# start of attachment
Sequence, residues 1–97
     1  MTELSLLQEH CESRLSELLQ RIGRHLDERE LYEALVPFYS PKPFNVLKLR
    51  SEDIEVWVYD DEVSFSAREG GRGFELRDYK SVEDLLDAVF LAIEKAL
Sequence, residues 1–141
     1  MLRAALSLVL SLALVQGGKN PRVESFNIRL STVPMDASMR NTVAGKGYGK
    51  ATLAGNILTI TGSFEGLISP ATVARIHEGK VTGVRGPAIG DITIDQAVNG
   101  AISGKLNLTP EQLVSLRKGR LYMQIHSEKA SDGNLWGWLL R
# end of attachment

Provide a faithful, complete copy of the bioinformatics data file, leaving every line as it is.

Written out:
Sequence, residues 1–97
     1  MTELSLLQEH CESRLSELLQ RIGRHLDERE LYEALVPFYS PKPFNVLKLR
    51  SEDIEVWVYD DEVSFSAREG GRGFELRDYK SVEDLLDAVF LAIEKAL
Sequence, residues 1–141
     1  MLRAALSLVL SLALVQGGKN PRVESFNIRL STVPMDASMR NTVAGKGYGK
    51  ATLAGNILTI TGSFEGLISP ATVARIHEGK VTGVRGPAIG DITIDQAVNG
   101  AISGKLNLTP EQLVSLRKGR LYMQIHSEKA SDGNLWGWLL R